Broadband debate is about strategic and economic interests

We risk losing international trade to countries such as China, Japan and even Australia, says David Skilling of the New Zealand Institute

If New Zealand does not engage in a serious public debate and produce firm policies on developing an efficient broadband infrastructure, we risk losing international trade to countries such as China, Japan and even Australia, according to David Skilling of the New Zealand Institute.

Skilling says the public has tended to see this as either an ICT industry issue, or relevant only to consumers looking for fast music downloads, rather than as a matter of strategic importance to the economy. To help change that he co-wrote the report “So Far Yet So Close Connecting New Zealand to the global economy”, published last week.

“We need to engage that broader business, public and political audience,” he says. There is also the simple argument that a message repeated often enough eventually sinks in better than a message given only once.

The report sees efficient digital communications as essential both to expand trade in “weightless” commodities such as software, creative imagery and electronically mediated services and to the more controversial strategy which would see New Zealand companies manufacturing offshore, closer to major international markets.

“Those remote operations have to be managed from New Zealand,” Skilling says, which implies fast international communication.

Local loop unbundling and other telecommunications regulatory reforms have gone part of the way to producing more and better broadband, Skilling says, but much further work is needed. Local companies with an overseas presence have told him broadband infrastructure is five to ten times better in China “which most people think of as a developing economy” than it is in New Zealand, and have pointed out that it’s much cheaper to get a document electronically from Sydney to London than it is from Auckland to London.

That should be a direct signal for our national competitive position, he says. It’s not enough to have good, average infrastructure compared with other OECD countries; we have to be noticeably better than our present and likely future competitors.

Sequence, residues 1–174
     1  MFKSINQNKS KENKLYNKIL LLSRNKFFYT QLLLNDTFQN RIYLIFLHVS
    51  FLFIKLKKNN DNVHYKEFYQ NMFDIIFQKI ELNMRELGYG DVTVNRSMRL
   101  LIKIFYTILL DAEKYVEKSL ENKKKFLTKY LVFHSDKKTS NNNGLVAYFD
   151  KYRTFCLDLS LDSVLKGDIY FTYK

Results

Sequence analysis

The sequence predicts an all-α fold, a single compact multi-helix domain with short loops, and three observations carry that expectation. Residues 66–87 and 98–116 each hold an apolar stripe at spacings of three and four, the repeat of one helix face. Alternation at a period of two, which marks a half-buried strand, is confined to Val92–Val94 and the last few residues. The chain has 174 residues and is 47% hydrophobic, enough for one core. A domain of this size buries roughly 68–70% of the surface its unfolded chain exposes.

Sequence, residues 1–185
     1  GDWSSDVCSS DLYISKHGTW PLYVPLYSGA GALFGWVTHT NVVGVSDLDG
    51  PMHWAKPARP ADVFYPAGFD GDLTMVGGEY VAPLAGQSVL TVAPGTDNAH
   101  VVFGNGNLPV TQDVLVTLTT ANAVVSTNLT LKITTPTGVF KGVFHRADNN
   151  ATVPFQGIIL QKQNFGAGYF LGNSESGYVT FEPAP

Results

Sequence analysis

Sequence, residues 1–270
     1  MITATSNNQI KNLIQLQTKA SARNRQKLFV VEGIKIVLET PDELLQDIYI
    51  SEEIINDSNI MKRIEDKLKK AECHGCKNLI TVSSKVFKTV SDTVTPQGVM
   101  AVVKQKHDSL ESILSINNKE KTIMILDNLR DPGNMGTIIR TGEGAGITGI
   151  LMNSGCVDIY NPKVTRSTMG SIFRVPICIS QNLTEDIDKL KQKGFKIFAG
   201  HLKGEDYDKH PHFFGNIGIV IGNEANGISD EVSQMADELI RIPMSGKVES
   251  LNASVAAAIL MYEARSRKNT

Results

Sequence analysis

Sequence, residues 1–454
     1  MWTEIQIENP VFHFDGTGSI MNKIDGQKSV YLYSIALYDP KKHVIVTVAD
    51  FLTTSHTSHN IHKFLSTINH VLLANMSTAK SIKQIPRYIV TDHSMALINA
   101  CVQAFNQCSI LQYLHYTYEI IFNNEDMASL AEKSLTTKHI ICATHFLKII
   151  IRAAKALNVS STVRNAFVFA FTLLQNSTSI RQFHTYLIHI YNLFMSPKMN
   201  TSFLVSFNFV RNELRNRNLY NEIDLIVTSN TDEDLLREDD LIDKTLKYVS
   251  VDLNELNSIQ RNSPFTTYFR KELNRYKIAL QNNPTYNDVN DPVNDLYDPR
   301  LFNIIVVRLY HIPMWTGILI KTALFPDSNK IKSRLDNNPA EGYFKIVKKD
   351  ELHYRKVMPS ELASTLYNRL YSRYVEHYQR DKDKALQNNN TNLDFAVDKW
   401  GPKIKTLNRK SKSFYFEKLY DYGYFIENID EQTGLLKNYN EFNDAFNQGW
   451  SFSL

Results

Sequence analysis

The report, co-written by Skilling and research associate Danielle Boven “deliberately steered away from debate on specific solutions”, he says. “I didn’t feel we were technically knowledgeable enough for that.” But a number of alternatives have been suggested, from Rod Drury’s government-supported fibre network to the widespread use of wi-fi and WiMax.

“All approaches will have pros and cons,” Skilling says, but the risk of not doing anything is far greater than the downside to any feasible strategy.

“We’ve got to start thinking about this.”

Skilling is puzzled that early attacks on his report came from the “Buy Kiwi Made” lobby, arguing that offshore manufacturing exported New Zealand jobs. The report says government’s support of Buy Kiwi Made sends the wrong messages, “but that was a very minor point”, Skilling says.

More considered and more constructive comment came through later in the week from firms such as Fisher & Paykel, which have retained their Kiwi identity despite some measure of overseas manufacture, he says.

There is an understandable public suspicion of governments taking a lead role in such major developments, he admits. People still remember Think Big, he says, but after all, central and local government bodies are responsible for constructing and maintaining the roads.

“We’re a small country, and small countries can move quickly when they put their mind to it. But we have to come up with a strategy, and we can’t take a year or two to do it, or we’ll be too late.”

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Tags broadbandNew Zealand InstituteDavid skillinginternational business

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